Investigating Windows - TryHackMe

Investigating Windows - TryHackMe


4 min read

A windows machine has been hacked, its your job to go investigate this windows machine and find clues to what the hacker might have done.


Questions will be Titled with Q:

Answers will be titled with A:


Q: What is your name?

A: Josh

Let's get into it

The first question we are presented with is:

Q: What's the version and year of the windows machine?

Opening up CMD and running systeminfo we are presented with a wall of information but we are interested in "OS name"


A: windows server 2016

Q: Which user logged in last?

running whoami we can see who we are and as we are currently logged in, we are the last logged-in user.


A: administrator

But what if we are analyzing an offline system? This is where event viewer comes into play. there are two event logs we will want to filter for:

Event ID 4624: An account was successfully logged in
Event ID 4672: Special privileges assigned to new logon

These events will be stored inside of Windows logs -> Security


After navigating to the correct logs we will want to filter for the above-discussed event IDs:


Filter by the date and time and then investigate the contents of the event.


Moving on

Q: When did John log onto the system last?

executing net user user in cmd we can see information about our specific user


A: 03/02/2019 5:48:32 PM

(change format add 0's into the date)

Q: What IP does the system connect to when it first starts?

We can investigate the registry and look at things such as "run" and "run once" on 64bit systems, there are two different locations one for 64bit binaries and 32bit binaries. For this challenge, it was located in the 32bit start up

HKEY_LOCAL_MACHINE -> SOFTWARE -> Microsoft -> Windows -> Run
C:\TMP\p.exe -s \\ 'net user' > C:\TMP\o2.txt


or we could query start up with wmic

wmic startup list full



Q: What two accounts had administrative privileges (other than the Administrator user)?

Executing net localgroup administrators in cmd will query our local administrator accounts


A: jenny, guest

Q: What's the name of the scheduled task that is malicous.

Opening up the windows task scheduler and looking at the actions we can get an idea of what programs/scripts are being executed and investigate them further for malicious activity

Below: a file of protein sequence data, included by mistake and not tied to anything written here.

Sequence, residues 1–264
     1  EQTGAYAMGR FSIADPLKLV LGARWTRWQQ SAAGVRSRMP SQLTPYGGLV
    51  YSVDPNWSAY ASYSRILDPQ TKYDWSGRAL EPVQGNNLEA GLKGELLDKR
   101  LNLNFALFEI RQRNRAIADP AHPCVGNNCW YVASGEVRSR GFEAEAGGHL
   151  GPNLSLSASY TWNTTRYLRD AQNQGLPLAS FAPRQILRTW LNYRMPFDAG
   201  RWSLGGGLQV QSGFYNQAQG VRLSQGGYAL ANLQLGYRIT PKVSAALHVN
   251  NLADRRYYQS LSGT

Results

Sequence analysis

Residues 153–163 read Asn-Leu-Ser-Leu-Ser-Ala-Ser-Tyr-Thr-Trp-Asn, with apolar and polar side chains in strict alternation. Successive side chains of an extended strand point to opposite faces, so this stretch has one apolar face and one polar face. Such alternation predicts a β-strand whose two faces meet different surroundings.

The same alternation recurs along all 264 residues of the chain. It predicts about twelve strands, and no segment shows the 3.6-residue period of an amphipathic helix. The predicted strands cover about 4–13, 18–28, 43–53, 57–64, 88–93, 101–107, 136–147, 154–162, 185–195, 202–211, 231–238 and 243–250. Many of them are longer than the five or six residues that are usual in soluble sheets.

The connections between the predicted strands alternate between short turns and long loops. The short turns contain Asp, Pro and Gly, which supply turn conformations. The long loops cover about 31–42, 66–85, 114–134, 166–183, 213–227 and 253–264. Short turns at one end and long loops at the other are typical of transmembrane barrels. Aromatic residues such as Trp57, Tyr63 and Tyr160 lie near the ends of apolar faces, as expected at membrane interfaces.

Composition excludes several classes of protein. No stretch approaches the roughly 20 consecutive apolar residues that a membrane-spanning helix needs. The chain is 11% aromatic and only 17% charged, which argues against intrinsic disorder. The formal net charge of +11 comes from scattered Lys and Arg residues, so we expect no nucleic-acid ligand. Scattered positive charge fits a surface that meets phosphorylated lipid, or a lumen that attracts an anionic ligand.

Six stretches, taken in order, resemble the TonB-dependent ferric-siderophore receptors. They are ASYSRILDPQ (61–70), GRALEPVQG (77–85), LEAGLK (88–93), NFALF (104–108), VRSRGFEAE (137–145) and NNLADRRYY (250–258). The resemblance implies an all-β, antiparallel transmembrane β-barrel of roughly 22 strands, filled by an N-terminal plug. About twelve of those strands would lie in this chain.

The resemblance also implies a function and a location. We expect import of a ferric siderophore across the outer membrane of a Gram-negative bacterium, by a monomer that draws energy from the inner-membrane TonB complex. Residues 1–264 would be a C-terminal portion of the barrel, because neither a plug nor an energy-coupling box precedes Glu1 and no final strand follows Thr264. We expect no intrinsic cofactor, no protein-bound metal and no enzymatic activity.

seeing Netcat PowerShell script is not normal in most environments, we can open the script to confirm this.

A: Clean file system

Q: What file was the task trying to run daily?

Referencing the above question we can see in the actions it is attempting to execute nc.ps1

A: nc.ps1

Q: What port did this file listen locally for?

Remaining in the schedule task section we can see that the PowerShell script is executed with -l for listening on the port:


A: 1348

Q: When did Jenny last logon?

Same as our earlier question we use:

net user Jenny


A: never

Q: At what date did the compromise take place?

on the C: drive there is a TMP directory where the threat actor has stored all their tools/scripts/output too. This folder was created on:

A: 03/02/2019

Q: At what time did Windows first assign special privileges to a new logon?

Earlier we used event viewer to filter for two Event IDs we will do this process again but this time we will only filter for 4672 which is the special logon.


Use the hint for this question as there are earlier logs than this.

A: 03/02/2019 4:04:49 PM

Q: What tool was used to get Windows passwords?

going to C:/TMP there is a log file related to mimikatz. My pre-existing knowledge of mimikatz made this one pretty straightforward forward or you could of read the output files.


A: mimikatz

Q: When looking at explorer.exe there was recent access to hosts


Investigating the host file all the other IPs are local IPs besides the entries for



Q: Investigating the C: drive I saw inetpup -> wwwroot which indicates the web server files will be here:


A: .jsp

Q: What was the last port the attacker opened?

Checking our firewall rules the first and most recent entry



Q: Check for DNS poisoning, what site was targeted?

Checking our host files like in our previous question we can see an unusual IP which is not related to the regular google DNS